The whole idea of stored diagnostic fault codes is to aid in diagnosing intermittent problems such as this. Finding no codes suggests they're being erased due to a power supply problem, meaning loss of 12 volts to one of the terminals on the computer. There will always be two 12 volts supplies. One is needed to power the warning light when the other one is missing. On most cars, either circuit will keep the fault codes in memory, but if the constant "memory" circuit is dead, the codes will erase when you turn off the ignition switch which turns off the "switched" 12 volt supply. Some car brands retain the fault codes in memory even if the computer is completely unplugged. Those codes can only be erased by connecting a scanner to erase them electronically.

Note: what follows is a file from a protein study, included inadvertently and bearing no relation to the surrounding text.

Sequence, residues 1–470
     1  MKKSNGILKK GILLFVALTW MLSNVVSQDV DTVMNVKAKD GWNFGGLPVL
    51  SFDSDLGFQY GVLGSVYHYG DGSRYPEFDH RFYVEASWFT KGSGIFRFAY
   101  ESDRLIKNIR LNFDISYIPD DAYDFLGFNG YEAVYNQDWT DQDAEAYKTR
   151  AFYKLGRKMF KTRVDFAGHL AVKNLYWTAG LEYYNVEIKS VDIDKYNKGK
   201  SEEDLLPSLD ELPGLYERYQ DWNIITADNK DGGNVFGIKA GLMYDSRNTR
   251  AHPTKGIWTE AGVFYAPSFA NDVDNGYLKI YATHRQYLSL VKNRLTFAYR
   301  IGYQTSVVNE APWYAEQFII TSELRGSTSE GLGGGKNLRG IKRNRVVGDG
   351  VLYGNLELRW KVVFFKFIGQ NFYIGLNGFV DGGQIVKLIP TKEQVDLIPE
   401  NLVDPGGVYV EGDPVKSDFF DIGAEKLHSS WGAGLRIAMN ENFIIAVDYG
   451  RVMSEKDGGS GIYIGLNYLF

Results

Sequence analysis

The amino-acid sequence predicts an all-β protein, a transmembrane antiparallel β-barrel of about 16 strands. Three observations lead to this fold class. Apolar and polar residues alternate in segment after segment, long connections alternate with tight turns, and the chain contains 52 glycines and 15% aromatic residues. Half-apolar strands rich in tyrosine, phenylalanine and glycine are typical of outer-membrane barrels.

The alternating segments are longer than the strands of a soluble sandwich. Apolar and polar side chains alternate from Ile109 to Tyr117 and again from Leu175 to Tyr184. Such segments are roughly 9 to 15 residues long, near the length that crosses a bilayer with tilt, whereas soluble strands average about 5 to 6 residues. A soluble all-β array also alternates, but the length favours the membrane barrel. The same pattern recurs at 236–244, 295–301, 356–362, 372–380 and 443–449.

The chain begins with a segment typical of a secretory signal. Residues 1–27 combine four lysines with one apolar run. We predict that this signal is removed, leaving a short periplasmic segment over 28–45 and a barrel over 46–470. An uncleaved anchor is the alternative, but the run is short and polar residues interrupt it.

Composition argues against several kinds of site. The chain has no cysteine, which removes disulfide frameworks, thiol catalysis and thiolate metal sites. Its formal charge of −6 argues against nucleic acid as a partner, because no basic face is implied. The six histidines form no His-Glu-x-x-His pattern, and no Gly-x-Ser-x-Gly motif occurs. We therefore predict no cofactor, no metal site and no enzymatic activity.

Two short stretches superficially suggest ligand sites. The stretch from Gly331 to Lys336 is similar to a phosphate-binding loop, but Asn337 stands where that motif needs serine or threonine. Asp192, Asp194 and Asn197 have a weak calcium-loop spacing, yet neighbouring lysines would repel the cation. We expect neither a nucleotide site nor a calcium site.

I would start by looking for the two fuses for the air bag computer. Be sure they're tight in their sockets. Try wiggling them while watching the air bag light and with the ignition switch turned on. If the light turns on while you're driving, make you way to the dealer or a mechanic with a scanner that can access the air bag computer, but don't turn the engine off. The code(s) should stay in memory as long as the ignition switch stays on.
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Wednesday, October 26th, 2011 AT 6:26 PM